Lane Johnson discusses Lamanite identity; says non-Book of Mormon peoples may be included among the Lamanites' ancestors.

Dec 1975
Lane Johnson

Lane Johnson, "Who and Where Are the Lamanites?" Ensign 5, no. 12 (December 1975): 14–15

Lane Johnson
Latter-day Saints

To produce a map that shows where the Lamanites of the world are located today, the mapmaker must first decide exactly what a Lamanite is. This turns out to be no small task, because the term Lamanite is used in several different senses in the scriptures to describe a particular racial lineage, a political/religious group, a covenant people, etc. However, the Old and New Testaments and the Book of Mormon, viewed together in one limited sense as a partial record of the peopling of the earth, provide a useful context in which to view this problem.

The history of the peopling of the earth is really a history of the scattering of the descendants of Noah, who is sometimes referred to as the “second father of mankind.” This general scattering began soon after the Flood when the sons of Noah and their children began to spread forth “in their lands, … after their nations” (see Gen. 10:5, 20, 31) and was greatly accelerated at the time of the Tower of Babel, when the Lord confounded the people’s language and did “scatter them abroad upon the face of all the earth.” (Gen. 11:9.)

Immediately after the description of Babel in Genesis 11, the Old Testament record moves quickly to Abraham, a descendant of Shem, and ceases thereafter to be a record of all the descendants of Noah; instead, it focuses almost entirely on the Lord’s covenant people, presumably a relatively small part of the earth’s total population at that time. We know very little about the remainder of Noah’s seed, except that in time they wandered throughout the extent of the land to become the heathen nations of the earth.

The nations of the earth had been dispersing from the Tower of Babel for 1,500 years when the Ten Tribes of Israel were carried captive into Assyria. Shortly thereafter, Judah was taken into exile by Nebuchadnezzar, and although one group was permitted to return to rebuild Jerusalem, the bulk of the kingdom of Judah remained in Babylon to be eventually dispersed. Then, in A.D. 70, the remainder of the Jews were driven from the promised land by the Romans to complete the scattering of Israel.

What we see in this brief account is a picture of the general dissemination of the descendants of Noah throughout the world, beginning at the time of the Flood, with other groups—remnants of Israel—breaking away at intervals to follow the earlier migrants to the various corners of the earth and establish themselves among them as strangers, though distantly related.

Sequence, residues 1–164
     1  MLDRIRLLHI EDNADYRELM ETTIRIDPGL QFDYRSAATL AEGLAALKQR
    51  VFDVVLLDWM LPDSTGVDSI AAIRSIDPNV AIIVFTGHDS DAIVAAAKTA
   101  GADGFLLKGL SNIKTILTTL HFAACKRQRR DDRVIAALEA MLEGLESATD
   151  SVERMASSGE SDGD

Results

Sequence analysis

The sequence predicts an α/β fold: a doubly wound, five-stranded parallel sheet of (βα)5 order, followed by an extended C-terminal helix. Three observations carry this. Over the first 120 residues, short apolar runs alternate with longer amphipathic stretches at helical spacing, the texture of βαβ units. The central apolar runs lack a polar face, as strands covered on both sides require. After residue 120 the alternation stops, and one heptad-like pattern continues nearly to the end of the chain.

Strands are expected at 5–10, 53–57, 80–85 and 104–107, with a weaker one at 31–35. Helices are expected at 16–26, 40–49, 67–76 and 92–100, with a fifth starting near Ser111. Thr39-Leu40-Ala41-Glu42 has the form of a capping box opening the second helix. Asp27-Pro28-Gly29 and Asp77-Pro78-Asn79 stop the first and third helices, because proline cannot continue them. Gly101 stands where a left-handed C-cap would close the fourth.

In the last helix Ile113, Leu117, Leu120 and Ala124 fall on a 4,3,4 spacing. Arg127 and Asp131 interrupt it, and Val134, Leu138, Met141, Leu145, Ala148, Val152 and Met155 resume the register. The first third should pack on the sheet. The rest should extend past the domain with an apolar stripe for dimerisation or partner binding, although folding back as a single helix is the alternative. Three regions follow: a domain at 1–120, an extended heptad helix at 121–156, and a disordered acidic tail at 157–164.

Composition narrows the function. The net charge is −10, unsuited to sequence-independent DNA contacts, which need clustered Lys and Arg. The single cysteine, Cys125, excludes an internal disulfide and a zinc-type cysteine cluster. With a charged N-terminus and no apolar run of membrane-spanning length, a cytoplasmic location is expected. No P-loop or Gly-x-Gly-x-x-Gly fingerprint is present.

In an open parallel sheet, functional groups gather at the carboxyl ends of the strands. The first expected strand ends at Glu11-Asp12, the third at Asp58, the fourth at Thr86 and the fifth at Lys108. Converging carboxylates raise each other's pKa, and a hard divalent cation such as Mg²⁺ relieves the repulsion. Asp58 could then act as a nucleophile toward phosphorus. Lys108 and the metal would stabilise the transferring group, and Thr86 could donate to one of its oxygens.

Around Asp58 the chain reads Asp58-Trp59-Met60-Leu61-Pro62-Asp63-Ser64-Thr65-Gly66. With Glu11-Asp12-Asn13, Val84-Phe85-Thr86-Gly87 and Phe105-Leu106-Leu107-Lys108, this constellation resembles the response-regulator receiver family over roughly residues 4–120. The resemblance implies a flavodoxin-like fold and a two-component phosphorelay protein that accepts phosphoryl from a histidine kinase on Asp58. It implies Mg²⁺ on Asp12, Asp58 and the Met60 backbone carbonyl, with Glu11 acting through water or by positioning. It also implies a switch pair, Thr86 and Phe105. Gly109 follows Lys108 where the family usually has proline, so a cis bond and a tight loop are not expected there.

Within this broad picture we find the people of the Book of Mormon, which is a partial record of some of those who were, at various times, led out of the Old World by the Lord to become established in the American continents: the Jaredites, who were led away at the time of the Tower of Babel and were, therefore, a part of the earliest dissemination of the descendants of Noah; the Lehi colony, led out of Jerusalem during the reign of Zedekiah, just prior to the captivity of Judah by Nebuchadnezzar; and the colony of Mulek, the youngest son of Zedekiah, who departed Jerusalem eleven years after Lehi.

The term Lamanite was first applied to the literal family of Laman, Lehi’s eldest son. This name very soon took on a broader application, however, when Laman, Lemuel, and some of the sons of Ishmael rebelled against and sought to kill Nephi, in whom the Lord had vested his authority. At that time the Lord cut them off from his presence and caused a darker skin coloring to come upon them. (See 2 Ne. 5:19–21.) Thereafter the name Lamanite referred to a religious/political faction whose distinguishing feature was its opposition to the church. (See Jacob 1:13–14.) Lineage became an increasingly minor factor, and later there are many examples of Lamanites becoming Nephites and Nephites becoming Lamanites.

For nearly 200 years after the coming of Christ to the Americas, there were no Lamanites “nor any manner of -ites; but they were in one, the children of Christ, and heirs to the kingdom of God.” (4 Ne. 1:17.) Soon, however, a part of the people fell away and took upon them the name of Lamanites; “therefore there began to be Lamanites again in the land.” (4 Ne. 1:20.) Clearly, Lamanite in this case again refers to the state of righteousness of a political/religious group, presumably a composite of the descendants of many of the original colonists in the New World. The Lamanites of this definition survived beyond the close of the Book of Mormon record, and it is these people from whom the Lamanites of today descended. That is to say, they are the descendants of Lehi, Ishmael, and Zoram (see D&C 3:17–18); they are the descendants of Mulek and the others of his colony (see Hel. 6:10; Omni 1:14, 15); and they may also be descended from other groups of whom we have no record. Certainly they have mixed with many other lineages at the far reaches of their dispersal in the Americas and most of the islands of the Pacific since the time when Moroni bade them farewell in A.D. 421.

In this composite group is the blood of Israel, for we know that Lehi was of the tribe of Manasseh (see Alma 10:3), that Ishmael was of Ephraim (see JD 3:184), and that Mulek was of Judah, being a descendant of King David through Zedekiah. Therefore, the Lamanites of today—all the mixed descendants of the Book of Mormon peoples—have a legitimate claim to the blessings of the Abrahamic covenant and, in turn, the duty to now carry these blessings to those nations of the earth who yet remain in darkness, the remainder of the descendants of Noah.

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